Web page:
shrieked their welcome above the din
of human voices. : .... . ... f
The escorting - squadron dropped
even further behind as the Question
Mark maneuvered for a landing. It
dropped down, one, its, three points,
then taxied Blowly about a motor car
containing field officials and rolled, to
ward the naval hangars. 3
Coste and Bellonte, all smiles,
looked from the little window at the
advancing welcomers. Then they
climbed over the side of the fuselage,
a little stiff, more than a little tired,
but at the end of a glorious journey.
Colonel Lindbergh, who knew bet
ter than any other man what this
was like, sat on the hangar top,
smiling broadly, but waiting for the
first outburst to ,,. subside w before he
went forward . to greet his fellow
fliers.r i
,,, Newspapers Consolidate i
Formal announcement has been
made of the tonsolidation of the
Morning Astorian and the Evening
Budget, Astoria's A. two daily ' news
papers, through the purchase of the
former by the publishers of the lat
ter. The officers are E. B. Aldrich of
Pendleton, president; F. W. Lamp-
kin of Pendleton, vice president, ana
M. R. Chessman, secretary. Chess
man, who has been editor of the
Budget, for the past 11 years and
manager also since he acquired the
stock of L. D. Drake the first of the
year, will remain as editor and man
ager of the consolidated publication.
Other stockholders are Ward O.
Quarles and Miss flattie S, Brown of
the Budget staff.
" T C
... Crime Grows In Pendleton
The Pendleton East Oregonian re
ports that in spite of less crime than
ever before during a Round-Up, the
arrests made by the city police de
partment during the month of August
rearheA a. higher total than in any
other month during the history pf
mi f i i I
the 'department, Uiiei- unarm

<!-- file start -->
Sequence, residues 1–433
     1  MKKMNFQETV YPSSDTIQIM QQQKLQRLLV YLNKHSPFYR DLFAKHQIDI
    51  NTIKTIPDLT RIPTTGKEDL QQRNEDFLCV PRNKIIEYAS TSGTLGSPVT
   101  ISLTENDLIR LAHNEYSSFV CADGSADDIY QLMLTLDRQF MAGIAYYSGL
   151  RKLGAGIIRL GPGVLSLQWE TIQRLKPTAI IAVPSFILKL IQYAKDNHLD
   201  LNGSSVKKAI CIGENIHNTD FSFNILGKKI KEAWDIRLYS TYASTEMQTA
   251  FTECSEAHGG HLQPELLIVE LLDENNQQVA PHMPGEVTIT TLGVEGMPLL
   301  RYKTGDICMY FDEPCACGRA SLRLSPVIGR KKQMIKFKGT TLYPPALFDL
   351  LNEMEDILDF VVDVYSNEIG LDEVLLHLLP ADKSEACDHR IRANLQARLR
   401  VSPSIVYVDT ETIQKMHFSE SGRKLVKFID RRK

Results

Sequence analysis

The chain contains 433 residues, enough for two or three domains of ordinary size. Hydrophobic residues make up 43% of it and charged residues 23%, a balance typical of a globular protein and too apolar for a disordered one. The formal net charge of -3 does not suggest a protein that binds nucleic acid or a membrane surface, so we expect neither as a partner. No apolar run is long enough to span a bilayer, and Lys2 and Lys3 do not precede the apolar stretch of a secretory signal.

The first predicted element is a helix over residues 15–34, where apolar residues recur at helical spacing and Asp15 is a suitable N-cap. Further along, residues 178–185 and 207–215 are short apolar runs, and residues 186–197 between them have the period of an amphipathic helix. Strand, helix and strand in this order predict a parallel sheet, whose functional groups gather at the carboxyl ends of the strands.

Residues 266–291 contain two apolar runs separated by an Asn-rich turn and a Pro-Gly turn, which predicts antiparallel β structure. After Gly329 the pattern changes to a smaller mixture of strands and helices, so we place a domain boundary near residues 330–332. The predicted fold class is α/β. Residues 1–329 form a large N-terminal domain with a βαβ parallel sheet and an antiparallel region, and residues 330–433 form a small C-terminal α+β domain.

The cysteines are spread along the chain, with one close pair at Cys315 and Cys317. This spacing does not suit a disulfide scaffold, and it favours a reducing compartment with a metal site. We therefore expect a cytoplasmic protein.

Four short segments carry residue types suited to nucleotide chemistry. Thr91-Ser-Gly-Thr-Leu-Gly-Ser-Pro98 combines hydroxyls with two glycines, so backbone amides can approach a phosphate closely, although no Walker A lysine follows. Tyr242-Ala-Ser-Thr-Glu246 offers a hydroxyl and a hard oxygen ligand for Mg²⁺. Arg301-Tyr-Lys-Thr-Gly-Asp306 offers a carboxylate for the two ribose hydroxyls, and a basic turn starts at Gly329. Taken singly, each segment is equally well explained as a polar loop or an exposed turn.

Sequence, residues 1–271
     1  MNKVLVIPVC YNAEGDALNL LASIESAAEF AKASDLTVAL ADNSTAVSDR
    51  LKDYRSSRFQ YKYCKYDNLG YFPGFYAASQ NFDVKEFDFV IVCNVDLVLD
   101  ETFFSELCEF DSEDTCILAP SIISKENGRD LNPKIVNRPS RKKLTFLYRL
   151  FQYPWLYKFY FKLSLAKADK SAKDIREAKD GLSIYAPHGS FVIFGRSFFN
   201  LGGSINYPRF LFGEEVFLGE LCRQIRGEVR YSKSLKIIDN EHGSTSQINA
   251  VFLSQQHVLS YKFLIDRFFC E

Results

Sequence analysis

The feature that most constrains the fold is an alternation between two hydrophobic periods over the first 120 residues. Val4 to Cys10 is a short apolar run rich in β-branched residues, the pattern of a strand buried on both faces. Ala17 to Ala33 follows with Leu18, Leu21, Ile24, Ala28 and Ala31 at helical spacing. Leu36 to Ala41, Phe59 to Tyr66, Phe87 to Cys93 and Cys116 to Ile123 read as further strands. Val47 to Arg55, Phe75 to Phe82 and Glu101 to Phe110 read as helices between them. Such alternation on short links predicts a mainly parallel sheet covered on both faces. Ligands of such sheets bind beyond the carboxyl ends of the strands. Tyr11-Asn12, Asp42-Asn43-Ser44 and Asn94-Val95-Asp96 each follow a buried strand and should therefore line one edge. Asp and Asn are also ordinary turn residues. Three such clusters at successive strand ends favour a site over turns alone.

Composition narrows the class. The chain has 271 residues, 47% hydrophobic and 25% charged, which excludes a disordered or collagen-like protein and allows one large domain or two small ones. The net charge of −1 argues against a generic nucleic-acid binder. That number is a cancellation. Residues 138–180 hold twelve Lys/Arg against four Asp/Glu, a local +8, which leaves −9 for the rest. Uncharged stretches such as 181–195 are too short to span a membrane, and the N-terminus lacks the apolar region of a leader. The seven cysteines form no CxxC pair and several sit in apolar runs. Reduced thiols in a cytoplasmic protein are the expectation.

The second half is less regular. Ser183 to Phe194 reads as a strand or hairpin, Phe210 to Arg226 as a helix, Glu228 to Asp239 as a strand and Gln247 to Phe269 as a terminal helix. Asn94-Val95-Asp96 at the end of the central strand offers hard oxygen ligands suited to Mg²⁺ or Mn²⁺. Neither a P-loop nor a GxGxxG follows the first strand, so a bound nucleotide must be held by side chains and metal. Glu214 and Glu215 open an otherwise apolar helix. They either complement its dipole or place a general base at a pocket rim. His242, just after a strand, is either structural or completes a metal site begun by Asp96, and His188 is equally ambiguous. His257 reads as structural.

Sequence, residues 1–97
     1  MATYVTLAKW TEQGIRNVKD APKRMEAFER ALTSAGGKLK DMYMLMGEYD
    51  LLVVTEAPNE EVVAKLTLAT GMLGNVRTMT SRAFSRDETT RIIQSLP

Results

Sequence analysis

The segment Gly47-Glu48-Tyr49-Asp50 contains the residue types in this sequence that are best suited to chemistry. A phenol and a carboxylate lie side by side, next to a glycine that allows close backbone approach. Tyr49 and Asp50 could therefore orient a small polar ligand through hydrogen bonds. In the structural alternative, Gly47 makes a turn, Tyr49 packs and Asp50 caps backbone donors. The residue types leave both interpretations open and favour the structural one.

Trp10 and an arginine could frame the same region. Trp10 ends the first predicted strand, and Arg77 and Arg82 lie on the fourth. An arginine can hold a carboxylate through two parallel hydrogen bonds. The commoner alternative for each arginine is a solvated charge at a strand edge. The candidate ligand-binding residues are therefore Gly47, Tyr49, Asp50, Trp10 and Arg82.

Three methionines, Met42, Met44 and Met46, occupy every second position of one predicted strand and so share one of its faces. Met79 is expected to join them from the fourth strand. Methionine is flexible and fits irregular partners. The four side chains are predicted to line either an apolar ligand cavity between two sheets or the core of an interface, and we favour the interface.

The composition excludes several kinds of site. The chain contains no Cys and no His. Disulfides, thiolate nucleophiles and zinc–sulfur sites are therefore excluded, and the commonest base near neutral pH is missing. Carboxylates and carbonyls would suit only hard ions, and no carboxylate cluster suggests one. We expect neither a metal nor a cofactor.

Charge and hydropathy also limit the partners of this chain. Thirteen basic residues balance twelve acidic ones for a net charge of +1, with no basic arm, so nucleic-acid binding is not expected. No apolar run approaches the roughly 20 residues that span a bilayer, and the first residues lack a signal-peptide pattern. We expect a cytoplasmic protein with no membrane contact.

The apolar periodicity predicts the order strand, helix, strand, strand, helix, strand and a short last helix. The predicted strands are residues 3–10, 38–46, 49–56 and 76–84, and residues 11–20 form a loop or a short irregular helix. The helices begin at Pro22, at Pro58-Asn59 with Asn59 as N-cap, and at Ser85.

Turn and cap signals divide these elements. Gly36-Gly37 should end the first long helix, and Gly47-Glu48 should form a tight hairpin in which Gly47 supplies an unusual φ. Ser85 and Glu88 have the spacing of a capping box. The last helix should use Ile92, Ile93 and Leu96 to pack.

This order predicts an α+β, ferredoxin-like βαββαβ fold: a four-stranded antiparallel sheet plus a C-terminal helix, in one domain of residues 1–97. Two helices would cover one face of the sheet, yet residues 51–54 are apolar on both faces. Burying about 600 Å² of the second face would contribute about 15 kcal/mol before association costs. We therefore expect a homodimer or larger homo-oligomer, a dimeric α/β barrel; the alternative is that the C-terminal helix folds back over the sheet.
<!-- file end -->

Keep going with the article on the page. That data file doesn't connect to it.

Lemons said Wednesday. Names on
the police records number 138, and
while Judge Minnie Stillman of the
municipal court has not yet compiled
the amount of fines she collected, It
is estimated to top $1000.
Had Strenuoas Hike
Mr.' and Mrs. Bert Logsdon have
returned from their trip to Wallowa
Lake. Bert and a friend went on a
fishing trip to a mountain lak.e, rid
ing horseback. After fishing awhile
they hobbled the horses and turned
them loose to graze. Soon after,
the1 horses started down the trail to
Wallowa lake and Bert vainly tried
to head them off. The -fishermen hik
ed it back the whole way down the
Summer Graduates
Concluding the most successful
summer session jn the 2 years that
summer school has been conducted at
the, TTnivprsitv of Oceffon. 112 stu
dents received degrees at the second
annual summer commencement exer
cises August 29. This consider
ahle Wreasa over last year, when 09
- ! . . . . " .
were awarded degrees, and is in ad
dition to the pearly 709 who were
graduated in June, , ; r--".'; I
- J Circuit Rider Dies - ;
. Old residents of Umatilla "county
will remember Rev. J. C. Kirkman,
Methodist minister who was a cir
cuit rider in the pioneer days of the
county. 'Rev. Kirkman died recently
in Spokane. He is survived by his
widow and one son, Wilbur Kirkman.